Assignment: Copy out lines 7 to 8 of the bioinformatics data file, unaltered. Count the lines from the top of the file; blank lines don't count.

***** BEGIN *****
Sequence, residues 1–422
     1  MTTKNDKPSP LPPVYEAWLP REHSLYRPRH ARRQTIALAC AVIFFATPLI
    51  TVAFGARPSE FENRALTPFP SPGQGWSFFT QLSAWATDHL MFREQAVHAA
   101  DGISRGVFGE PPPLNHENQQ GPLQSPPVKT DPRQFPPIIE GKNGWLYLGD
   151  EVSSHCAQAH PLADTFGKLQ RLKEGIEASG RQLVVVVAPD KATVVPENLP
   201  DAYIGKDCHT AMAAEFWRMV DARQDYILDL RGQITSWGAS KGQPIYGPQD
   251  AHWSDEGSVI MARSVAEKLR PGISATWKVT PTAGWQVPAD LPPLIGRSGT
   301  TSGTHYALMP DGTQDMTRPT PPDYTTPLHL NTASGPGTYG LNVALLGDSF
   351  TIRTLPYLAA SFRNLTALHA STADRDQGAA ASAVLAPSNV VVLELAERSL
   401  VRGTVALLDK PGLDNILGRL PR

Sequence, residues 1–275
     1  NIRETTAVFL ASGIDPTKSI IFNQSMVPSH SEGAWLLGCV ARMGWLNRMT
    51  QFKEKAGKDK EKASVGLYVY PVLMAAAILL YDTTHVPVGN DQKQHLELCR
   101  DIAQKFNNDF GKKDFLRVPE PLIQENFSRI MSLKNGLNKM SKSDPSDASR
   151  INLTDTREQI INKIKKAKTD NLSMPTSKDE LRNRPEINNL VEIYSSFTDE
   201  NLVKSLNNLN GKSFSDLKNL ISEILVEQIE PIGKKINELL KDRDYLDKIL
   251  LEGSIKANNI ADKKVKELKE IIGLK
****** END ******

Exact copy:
   251  AHWSDEGSVI MARSVAEKLR PGISATWKVT PTAGWQVPAD LPPLIGRSGT
   301  TSGTHYALMP DGTQDMTRPT PPDYTTPLHL NTASGPGTYG LNVALLGDSF